Quercus havardii Rydb.
Havard Oak, Havard Shin-oak, Shinnery Oak
Fagaceae (Beech Family)
USDA Symbol: QUHA3
GROWTH FORM: rhizomatous shrub with a normal height of 3 feet (0.9 m) and exceptional speciments to 30 feet (9.1 m). BARK: papery, light gray. TWIGS and BUDS: brown pubescent twigs, becoming smooth with age; ovoid terminal buds are a dark reddish- brown. LEAVES: short petiole to 1⁄4 inch (6 mm); leaves are ovate or elliptical, 2 - 4 inches (51 - 101 mm) long, 3⁄4 - 2 inches (19 - 51 mm) wide; thick and with a rounded or cuneate base, margins generally have deep lobes with 2 - 3 rounded teeth on each side, apex rounded; upper surface shiny light green, lower surface has densely tawny tomentum.
This species was named for the U.S. Army surgeon and botanist, Valery Havard. Because Havard oak thrives in a harsh environment, it functions as a sand dune stabilizer and provides critical habitat for the endangered sand dune lizard (Sceloporus arenicolus). Although the acorns are an important food source for wildlife, the leaves are toxic to livestock. Use of herbicides to eradicate Havard oak has resulted in habitat loss and a drastic decline in sand dune lizard populations. The largest known Havard oak grows in Yoakum County, Texas.
From the Image Gallery
Plant CharacteristicsDuration: Perennial
Leaf Retention: Deciduous
Leaf Arrangement: Alternate
Leaf Complexity: Simple
Leaf Shape: Elliptic , Ovate
Leaf Venation: Pinnate
Leaf Margin: Dentate , Lobed
Leaf Base: Cuneate , Rounded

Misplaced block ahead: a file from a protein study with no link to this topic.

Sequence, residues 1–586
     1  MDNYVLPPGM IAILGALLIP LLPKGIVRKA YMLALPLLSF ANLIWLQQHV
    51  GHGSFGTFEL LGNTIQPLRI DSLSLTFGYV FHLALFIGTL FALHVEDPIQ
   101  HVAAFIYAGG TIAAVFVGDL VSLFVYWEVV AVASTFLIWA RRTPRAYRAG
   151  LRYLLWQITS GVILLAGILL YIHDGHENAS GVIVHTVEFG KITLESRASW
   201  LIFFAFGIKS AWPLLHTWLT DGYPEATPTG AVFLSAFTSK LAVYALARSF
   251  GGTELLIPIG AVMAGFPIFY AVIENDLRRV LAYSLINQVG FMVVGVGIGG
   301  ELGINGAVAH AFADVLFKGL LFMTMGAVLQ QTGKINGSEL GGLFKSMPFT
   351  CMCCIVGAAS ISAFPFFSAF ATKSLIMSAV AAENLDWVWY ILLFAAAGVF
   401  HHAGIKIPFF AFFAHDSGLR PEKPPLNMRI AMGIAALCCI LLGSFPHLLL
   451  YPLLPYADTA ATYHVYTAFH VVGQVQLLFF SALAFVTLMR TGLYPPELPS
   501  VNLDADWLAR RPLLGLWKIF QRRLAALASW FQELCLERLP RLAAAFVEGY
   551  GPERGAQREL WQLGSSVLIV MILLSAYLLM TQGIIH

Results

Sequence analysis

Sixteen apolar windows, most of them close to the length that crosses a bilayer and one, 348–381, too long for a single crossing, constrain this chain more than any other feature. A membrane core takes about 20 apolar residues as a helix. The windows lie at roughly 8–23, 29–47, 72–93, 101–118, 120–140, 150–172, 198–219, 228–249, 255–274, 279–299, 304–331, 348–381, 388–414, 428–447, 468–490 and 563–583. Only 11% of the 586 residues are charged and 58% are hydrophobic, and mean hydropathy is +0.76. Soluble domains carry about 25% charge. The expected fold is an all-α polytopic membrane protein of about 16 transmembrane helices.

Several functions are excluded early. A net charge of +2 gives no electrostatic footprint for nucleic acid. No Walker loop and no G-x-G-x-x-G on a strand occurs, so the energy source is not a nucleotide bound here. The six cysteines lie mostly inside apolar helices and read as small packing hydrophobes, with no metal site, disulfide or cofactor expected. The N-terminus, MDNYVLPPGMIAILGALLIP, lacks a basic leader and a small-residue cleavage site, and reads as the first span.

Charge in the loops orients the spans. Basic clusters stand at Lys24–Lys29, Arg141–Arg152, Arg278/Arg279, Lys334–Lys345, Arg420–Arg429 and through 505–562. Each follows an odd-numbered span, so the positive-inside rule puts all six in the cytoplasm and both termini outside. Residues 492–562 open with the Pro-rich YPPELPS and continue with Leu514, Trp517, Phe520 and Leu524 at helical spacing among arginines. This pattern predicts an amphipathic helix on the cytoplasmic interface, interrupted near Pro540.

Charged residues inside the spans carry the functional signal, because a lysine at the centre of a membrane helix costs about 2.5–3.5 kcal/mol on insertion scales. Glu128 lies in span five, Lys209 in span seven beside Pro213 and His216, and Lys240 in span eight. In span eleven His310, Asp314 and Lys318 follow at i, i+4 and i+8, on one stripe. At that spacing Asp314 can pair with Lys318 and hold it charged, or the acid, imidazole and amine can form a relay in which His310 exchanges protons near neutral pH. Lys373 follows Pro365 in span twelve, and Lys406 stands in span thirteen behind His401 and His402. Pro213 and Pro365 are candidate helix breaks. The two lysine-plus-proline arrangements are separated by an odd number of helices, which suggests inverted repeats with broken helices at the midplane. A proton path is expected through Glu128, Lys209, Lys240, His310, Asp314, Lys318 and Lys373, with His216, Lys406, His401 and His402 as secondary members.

Breeding System: Flowers Unisexual , Monoecious
Fruit Type: Nut
Fruit: Acorns annual; solitary or paired on a peduncle up to 3⁄8 inch (10 mm), a pubescent reddish- brown cup, which covers 1⁄3 - 1⁄2 of nut; brown, ovoid nut, 1 inch (25 mm) long.
Size Class: 1-3 ft.
Bloom InformationBloom Color: Green
Bloom Time: Mar , Apr , May
DistributionUSA: CO , NM , OK , TX , UT
Native Distribution: New Mexico, Oklahoma, and Texas.
Native Habitat: Sandy soils and sand dunes; grows in areas devoid of almost all other trees.
Growing ConditionsWater Use: Low
Light Requirement: Sun , Part Shade
Soil Moisture: Dry
Soil Description: Sandy
From the National Organizations DirectoryAccording to the species list provided by Affiliate Organizations, this plant is on display at the following locations:
Texas Parks and Wildlife Department - Austin, TX
BibliographyBibref 766 - Dale Groom's Texas Gardening Guide (2002) Groom, D.
Bibref 1134 - Field Guide to Native Oak Species of Eastern North America (2003) Stein, John D. and Denise Binion
Bibref 318 - Native Texas Plants: Landscaping Region by Region (2002) Wasowski, S. & A. Wasowski
Bibref 291 - Texas Wildscapes: Gardening for Wildlife (1999) Damude, N. & K.C. Bender
Bibref 297 - Trees of Central Texas (1984) Vines, Robert A.
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Additional resourcesUSDA: Find Quercus havardii in USDA Plants
FNA: Find Quercus havardii in the Flora of North America (if available)
Google: Search Google for Quercus havardii
MetadataRecord Modified: 2021-09-17
Research By: TWC Staff